NOVEMBER 2012: Tired of going to the lab everyday to conduct your simulation tests? Well, worry no more! Debabrata Bagchi, CEO and founder, Sparsha Learning Technologies, has devised a very simple Web-based simulation centre for all your simulation problems—DoCircuits.com. It is a virtual lab that lets you create, analyse and run analogue, digital and mixed-mode electronics circuits, entirely in your browser.
The world of electronic simulation
Electronic circuit simulation uses mathematical models to replicate the behaviour of an actual electronic device or circuit. Simulation software typically allows for modeling of circuit operation and is an invaluable analysis tool. Due to its highly accurate modeling capability, it is widely used for teaching purposes in technical institues.
The software engages the users by integrating them into the learning experience. These kinds of interactions actively engage learners to analyse, synthesise, organise and evaluate content, and result in learners constructing their own knowledge. It is, undoubtedly, imperative that an electronics engineer be well versed in the fine art of simulation.
Simulating a circuit’s behaviour prior to building it greatly improves design efficiency by making faulty designs known as such, and providing insight into the behaviour of circuit designs. In particular, for integrated circuits, the tooling is expensive, breadboards impractical, and probing the behaviour of internal signals extremely difficult. Therefore almost all the IC design relies heavily on simulation. The most well known analogue simulator is SPICE, while on the digital side, simulators based on Verilog and VHDL are the most commonly used.
The need for an online Web-based simulator
As mentioned above, there are plenty of simulator packages already available in the market. But there are several issues with the solutions offered in the simulation domain.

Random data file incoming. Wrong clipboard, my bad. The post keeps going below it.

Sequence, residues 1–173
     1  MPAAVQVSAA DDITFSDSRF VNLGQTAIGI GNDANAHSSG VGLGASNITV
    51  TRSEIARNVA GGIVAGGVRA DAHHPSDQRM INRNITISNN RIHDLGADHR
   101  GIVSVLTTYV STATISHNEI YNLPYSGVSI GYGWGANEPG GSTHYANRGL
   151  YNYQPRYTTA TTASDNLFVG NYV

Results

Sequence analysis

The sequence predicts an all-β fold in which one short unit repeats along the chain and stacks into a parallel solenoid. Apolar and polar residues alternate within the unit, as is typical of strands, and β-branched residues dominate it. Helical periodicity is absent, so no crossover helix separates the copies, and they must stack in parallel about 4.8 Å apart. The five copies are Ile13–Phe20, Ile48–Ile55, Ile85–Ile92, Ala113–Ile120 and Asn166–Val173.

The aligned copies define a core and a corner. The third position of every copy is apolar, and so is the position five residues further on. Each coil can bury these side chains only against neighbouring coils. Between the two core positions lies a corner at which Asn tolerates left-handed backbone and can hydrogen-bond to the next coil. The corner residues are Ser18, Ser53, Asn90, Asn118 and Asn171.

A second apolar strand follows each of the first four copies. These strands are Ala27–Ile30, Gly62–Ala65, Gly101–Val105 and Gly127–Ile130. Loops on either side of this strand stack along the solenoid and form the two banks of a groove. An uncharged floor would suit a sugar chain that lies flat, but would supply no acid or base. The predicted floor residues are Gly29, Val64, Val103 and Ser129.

“The software need to be downloaded/installed. These have a steep learning curve—not to mention the need for an expert to be guiding you side-by-side. User-experience isn’t a priority with these software. The biggest trouble is that people who are just starting out in this field are in a position where they have to use high-end simulators. They need to get an in-depth knowledge before beginning the work,” says Bagchi.
“DoCircuits is my way of letting the small guy play with electronics and get to know how fun it is. We wanted to make simulation easy and accessible for all. We wanted to make it more fun, and are looking at gamifying some of the features to make it more appealing to the younger crowd. We will be developing premium solutions for the enterprise market as well,” Bagchi adds.
DoCircuits is a cloud-based application that took around nine months to develop. Users go to www.DoCircuits.com and create a login. A single login allows them to create innumerable circuits. By clicking ‘Launch Virtual Labs,’ they can save these circuits on the cloud so that they can be accessed from anywhere. This allows the users to share their circuits with others.
When a user creates circuits and runs them on the cloud, results are processed from the cloud and shown to the user for analysis. The cloud backend is implemented over Microsoft Azure, while the front end is created in Flex. You can access the simulation features even without logging in. But to make use of the sharing and saving features, a login is necessary.
To top it all, this cloud-reliant solution is not very bandwidth-intensive as the only data transferred is the circuit and its simulation results. All the other information is in the browser itself. Since the simulation has been implemented on the cloud, there is no restriction on the number of people using it simultaneously.
“Our algorithms will scale up at the back end automatically. Hence you wouldn’t be handicapped by the speed of your connection,” says Bagchi.
The simplest ideas are usually the hardest to realise. Bagchi explains the challenges they faced: “The challenges we faced were mainly restricted to R&D—mostly in product design, creating load balancing algorithms on the cloud, creating models for new components, solving mathematical simulation problems for running large circuits, etc. Some of the other problems were related to the look of the final product. We had to go through a lot of changes regarding the features we allowed. We had to remove a few features because they didn’t offer anything functional to the product and were mostly an aesthetic addition. Thankfully, we didn’t face any problem that made us pull out our hair.”